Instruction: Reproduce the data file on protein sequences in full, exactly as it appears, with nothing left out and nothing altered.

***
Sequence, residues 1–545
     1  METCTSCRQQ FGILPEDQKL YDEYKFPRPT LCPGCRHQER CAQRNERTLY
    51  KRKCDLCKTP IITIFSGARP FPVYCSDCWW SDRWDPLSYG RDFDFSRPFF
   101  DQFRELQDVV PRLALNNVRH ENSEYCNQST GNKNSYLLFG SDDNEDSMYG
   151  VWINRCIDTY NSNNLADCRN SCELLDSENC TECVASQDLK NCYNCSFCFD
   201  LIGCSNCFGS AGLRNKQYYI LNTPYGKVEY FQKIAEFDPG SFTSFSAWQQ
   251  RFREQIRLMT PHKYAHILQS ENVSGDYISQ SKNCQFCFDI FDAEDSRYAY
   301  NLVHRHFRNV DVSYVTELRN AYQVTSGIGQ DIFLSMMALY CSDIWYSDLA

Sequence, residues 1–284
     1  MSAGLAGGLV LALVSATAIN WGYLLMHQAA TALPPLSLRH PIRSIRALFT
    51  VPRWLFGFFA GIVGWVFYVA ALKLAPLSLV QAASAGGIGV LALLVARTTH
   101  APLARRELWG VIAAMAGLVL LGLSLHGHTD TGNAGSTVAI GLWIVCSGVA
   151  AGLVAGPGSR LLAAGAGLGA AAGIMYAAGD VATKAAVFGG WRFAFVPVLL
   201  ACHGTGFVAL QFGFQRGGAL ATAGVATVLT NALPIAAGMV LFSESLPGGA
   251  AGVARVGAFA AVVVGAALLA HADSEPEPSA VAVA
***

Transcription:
Sequence, residues 1–545
     1  METCTSCRQQ FGILPEDQKL YDEYKFPRPT LCPGCRHQER CAQRNERTLY
    51  KRKCDLCKTP IITIFSGARP FPVYCSDCWW SDRWDPLSYG RDFDFSRPFF
   101  DQFRELQDVV PRLALNNVRH ENSEYCNQST GNKNSYLLFG SDDNEDSMYG
   151  VWINRCIDTY NSNNLADCRN SCELLDSENC TECVASQDLK NCYNCSFCFD
   201  LIGCSNCFGS AGLRNKQYYI LNTPYGKVEY FQKIAEFDPG SFTSFSAWQQ
   251  RFREQIRLMT PHKYAHILQS ENVSGDYISQ SKNCQFCFDI FDAEDSRYAY
   301  NLVHRHFRNV DVSYVTELRN AYQVTSGIGQ DIFLSMMALY CSDIWYSDLA

Sequence, residues 1–284
     1  MSAGLAGGLV LALVSATAIN WGYLLMHQAA TALPPLSLRH PIRSIRALFT
    51  VPRWLFGFFA GIVGWVFYVA ALKLAPLSLV QAASAGGIGV LALLVARTTH
   101  APLARRELWG VIAAMAGLVL LGLSLHGHTD TGNAGSTVAI GLWIVCSGVA
   151  AGLVAGPGSR LLAAGAGLGA AAGIMYAAGD VATKAAVFGG WRFAFVPVLL
   201  ACHGTGFVAL QFGFQRGGAL ATAGVATVLT NALPIAAGMV LFSESLPGGA
   251  AGVARVGAFA AVVVGAALLA HADSEPEPSA VAVA